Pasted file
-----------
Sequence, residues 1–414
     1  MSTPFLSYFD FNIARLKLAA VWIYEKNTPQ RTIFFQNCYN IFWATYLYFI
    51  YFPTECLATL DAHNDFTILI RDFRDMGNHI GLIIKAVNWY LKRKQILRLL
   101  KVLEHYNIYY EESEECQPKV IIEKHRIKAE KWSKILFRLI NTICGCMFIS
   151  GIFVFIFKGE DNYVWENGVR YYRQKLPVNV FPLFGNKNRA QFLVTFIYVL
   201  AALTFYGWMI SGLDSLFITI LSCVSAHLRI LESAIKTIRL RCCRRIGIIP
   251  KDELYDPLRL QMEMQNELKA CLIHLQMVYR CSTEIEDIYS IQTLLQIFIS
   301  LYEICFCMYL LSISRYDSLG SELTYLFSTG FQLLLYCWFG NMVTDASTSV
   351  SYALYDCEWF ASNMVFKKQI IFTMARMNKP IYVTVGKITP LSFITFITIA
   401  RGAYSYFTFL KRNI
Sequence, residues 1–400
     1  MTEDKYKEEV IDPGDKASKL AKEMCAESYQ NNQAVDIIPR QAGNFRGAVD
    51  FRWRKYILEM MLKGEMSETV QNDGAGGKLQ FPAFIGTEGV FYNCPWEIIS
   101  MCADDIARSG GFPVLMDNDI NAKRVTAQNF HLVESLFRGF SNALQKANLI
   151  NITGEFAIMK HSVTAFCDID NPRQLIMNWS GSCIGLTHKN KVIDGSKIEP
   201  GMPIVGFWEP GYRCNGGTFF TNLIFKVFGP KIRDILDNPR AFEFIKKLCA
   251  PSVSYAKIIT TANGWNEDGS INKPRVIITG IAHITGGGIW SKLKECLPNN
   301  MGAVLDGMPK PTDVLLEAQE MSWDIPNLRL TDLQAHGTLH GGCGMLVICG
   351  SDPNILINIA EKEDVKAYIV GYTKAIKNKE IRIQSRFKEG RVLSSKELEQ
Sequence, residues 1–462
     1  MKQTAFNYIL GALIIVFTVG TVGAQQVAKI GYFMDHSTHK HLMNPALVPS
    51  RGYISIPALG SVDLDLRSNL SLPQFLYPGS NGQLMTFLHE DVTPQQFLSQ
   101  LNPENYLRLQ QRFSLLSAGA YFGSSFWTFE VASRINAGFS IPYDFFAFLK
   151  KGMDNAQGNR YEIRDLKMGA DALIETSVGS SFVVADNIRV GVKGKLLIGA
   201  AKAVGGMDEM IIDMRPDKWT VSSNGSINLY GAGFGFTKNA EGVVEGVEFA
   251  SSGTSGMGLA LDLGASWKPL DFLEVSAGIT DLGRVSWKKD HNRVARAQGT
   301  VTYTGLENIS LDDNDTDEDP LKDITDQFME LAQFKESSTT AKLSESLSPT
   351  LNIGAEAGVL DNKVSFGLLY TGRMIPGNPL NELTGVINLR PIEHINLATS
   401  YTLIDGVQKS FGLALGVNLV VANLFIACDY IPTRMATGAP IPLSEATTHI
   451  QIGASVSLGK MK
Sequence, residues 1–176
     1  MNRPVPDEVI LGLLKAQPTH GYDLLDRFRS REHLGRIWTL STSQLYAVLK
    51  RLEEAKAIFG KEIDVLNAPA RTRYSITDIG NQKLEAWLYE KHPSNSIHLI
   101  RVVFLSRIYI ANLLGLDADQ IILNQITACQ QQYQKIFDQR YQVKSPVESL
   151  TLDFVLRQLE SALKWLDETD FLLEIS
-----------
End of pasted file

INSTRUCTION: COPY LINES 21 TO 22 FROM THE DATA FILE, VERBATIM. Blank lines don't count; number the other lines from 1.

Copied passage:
     1  MKQTAFNYIL GALIIVFTVG TVGAQQVAKI GYFMDHSTHK HLMNPALVPS
    51  RGYISIPALG SVDLDLRSNL SLPQFLYPGS NGQLMTFLHE DVTPQQFLSQ